Any attempts to swat away all the mosquitoes would invariably trigger off serious subsequent ecological damage.

Mosquito matrix reloaded- Why cant we just kill all of them
news Wednesday, February 03, 2016 - 13:43

Just when you thought dengue was the last weapon in the mosquito armoury, the crafty bloodsucker unleashes the ‘zika’ with its lethal pandemic potent from its arsenal on the cowering human populace.

BBC has even reported a rare case of zika in Dallas, Texas reportedly through sexual contact.

Declared a global public health emergency by the World Health Organisation (WHO), the zika virus has been linked to innumerable newborns with underdeveloped brains.

It was last seen racing through the Americas with a detour to the US and Asia being the next stop in all probability.

So what do we hapless humans do now?

In a 2010 article in the journal Nature, entomologist Joe Conlon of the American Mosquito Control Association in Jacksonville, Florida is of the view that mosquitoes do not occupy an unassailable niche in the environment. “If we eradicate them tomorrow, the ecosystems where they are active will hiccup and then get on with life. Something better or worse would take over.”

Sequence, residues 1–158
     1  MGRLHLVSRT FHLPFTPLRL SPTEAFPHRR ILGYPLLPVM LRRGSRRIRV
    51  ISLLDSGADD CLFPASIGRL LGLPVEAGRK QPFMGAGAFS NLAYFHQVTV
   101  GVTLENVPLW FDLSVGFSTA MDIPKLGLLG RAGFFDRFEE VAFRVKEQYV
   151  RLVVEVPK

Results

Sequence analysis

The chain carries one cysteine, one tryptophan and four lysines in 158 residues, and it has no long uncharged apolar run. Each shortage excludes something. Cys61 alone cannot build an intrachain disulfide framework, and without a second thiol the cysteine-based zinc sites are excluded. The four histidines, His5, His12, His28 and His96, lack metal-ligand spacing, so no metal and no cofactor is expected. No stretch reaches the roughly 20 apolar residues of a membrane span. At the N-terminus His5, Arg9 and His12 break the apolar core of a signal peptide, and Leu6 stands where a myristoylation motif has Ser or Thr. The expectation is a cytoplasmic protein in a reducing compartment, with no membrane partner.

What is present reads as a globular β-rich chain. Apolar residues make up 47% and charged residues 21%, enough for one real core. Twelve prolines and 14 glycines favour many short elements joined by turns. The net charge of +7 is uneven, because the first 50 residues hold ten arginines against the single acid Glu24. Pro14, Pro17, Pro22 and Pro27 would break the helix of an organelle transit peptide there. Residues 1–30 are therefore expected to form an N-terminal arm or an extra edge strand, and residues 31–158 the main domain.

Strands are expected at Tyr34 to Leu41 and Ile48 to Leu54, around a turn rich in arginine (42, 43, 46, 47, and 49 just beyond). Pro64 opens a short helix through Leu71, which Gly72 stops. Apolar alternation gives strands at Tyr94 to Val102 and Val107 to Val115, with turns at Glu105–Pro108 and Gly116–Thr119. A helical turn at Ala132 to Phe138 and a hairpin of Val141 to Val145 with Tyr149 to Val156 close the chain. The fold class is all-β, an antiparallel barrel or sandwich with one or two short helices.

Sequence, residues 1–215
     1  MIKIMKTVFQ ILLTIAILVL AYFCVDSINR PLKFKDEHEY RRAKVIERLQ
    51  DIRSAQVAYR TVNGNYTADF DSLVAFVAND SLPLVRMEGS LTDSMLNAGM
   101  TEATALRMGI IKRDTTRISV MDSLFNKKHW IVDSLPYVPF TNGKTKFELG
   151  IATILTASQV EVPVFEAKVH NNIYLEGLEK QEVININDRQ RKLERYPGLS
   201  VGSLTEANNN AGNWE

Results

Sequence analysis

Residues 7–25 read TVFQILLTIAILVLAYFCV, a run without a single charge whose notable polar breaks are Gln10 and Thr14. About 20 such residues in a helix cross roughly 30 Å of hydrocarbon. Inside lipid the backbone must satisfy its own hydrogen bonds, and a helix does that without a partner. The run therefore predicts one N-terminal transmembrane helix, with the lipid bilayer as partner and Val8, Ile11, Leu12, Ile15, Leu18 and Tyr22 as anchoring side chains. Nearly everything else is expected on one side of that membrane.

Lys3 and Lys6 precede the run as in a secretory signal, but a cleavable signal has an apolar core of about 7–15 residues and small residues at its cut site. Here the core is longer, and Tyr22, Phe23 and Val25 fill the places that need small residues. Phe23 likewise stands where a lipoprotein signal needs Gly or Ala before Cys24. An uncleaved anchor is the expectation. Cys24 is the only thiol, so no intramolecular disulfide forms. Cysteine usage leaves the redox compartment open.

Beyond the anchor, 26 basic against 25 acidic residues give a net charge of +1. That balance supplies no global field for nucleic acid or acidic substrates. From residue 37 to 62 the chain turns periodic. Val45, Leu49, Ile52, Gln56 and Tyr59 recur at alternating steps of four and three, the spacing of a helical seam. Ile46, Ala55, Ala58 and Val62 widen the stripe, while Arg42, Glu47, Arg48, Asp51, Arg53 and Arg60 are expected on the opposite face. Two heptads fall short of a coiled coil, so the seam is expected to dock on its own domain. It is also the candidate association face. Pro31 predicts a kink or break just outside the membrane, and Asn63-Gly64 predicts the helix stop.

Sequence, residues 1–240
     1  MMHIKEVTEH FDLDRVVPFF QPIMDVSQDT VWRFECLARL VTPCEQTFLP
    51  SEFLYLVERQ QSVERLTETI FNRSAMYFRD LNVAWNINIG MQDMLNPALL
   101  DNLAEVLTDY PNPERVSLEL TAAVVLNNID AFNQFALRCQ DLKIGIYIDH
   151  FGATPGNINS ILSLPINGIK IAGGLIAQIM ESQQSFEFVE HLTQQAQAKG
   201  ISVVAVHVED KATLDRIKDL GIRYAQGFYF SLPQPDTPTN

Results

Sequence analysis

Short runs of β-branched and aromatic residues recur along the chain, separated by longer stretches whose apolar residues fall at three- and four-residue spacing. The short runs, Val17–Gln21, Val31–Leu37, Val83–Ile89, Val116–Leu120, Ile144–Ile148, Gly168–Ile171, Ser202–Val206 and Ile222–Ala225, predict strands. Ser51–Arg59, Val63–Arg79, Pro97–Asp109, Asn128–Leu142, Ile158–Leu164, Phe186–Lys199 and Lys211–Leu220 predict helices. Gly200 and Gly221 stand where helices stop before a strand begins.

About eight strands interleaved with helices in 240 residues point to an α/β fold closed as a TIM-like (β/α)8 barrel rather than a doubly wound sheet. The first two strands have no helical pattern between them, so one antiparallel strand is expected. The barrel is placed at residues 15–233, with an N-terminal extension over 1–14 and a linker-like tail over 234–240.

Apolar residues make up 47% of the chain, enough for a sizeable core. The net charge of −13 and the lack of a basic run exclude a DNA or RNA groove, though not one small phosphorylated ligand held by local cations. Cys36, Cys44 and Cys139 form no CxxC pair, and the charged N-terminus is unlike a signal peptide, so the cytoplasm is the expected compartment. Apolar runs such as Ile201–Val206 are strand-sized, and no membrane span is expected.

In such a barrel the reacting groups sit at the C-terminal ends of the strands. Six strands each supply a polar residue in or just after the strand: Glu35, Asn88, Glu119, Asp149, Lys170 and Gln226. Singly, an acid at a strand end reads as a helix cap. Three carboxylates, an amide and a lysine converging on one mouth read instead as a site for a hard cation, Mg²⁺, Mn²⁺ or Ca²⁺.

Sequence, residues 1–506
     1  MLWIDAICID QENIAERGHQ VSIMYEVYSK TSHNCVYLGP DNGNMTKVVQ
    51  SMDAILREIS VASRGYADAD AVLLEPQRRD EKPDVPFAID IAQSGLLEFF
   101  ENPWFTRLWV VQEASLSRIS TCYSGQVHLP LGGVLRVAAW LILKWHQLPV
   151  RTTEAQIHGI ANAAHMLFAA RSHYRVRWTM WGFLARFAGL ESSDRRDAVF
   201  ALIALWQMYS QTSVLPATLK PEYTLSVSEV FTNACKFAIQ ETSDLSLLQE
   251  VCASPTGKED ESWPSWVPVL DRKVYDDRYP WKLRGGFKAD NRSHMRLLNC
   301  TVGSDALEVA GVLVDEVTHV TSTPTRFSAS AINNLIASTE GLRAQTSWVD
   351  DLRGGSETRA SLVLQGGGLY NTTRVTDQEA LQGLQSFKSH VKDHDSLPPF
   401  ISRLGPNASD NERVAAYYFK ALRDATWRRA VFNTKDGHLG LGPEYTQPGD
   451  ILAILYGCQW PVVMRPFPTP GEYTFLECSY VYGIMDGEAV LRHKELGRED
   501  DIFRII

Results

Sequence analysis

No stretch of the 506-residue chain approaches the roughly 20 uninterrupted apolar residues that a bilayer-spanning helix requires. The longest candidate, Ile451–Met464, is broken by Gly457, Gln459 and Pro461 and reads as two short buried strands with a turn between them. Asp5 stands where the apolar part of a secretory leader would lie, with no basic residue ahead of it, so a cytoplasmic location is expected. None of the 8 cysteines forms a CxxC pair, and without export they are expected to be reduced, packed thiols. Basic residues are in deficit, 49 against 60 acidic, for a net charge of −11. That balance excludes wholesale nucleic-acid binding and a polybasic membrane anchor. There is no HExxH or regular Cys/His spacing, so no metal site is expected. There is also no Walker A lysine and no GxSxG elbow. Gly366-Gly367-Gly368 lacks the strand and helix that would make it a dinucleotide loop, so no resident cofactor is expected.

Going by this line of thought, mosquitoes are apparently dispensable and would not rock our world’s fragile ecosystem.

Public health entomologist Grayson Brown however considers mosquito larvae integral to the aquatic ecology with scores of other insects depending on these for food.

So any attempts to swat away all the mosquitoes from the face of this earth –Brown opines- would invariably trigger off serious subsequent ecological damage.

Unless of course we are faced with a chronic public health emergency.

So would the present scenario qualify as one?

Even if we were to opt for a complete eradication of these little blood sucking vampires, modern-day diseases too would adapt to the changing scenario.

Like most common ailments gradually becoming resistant to almost all antibiotics, diseases which now make use of mosquitoes as vectors -carrying agents- would simply choose a different path to spread.

Experts therefore suggest a more realistic approach where the native mosquito population is contained to levels which significantly reduce the risk of pathogen transmission to humans.

It’s simply a matter of playing see-saw with the disease-bearing ticks in such a manner that we humans always hover above them at all times, no matter how lopsided the view seems to our “mosquitoic” opponents!

Click here for Grayson Brown's study

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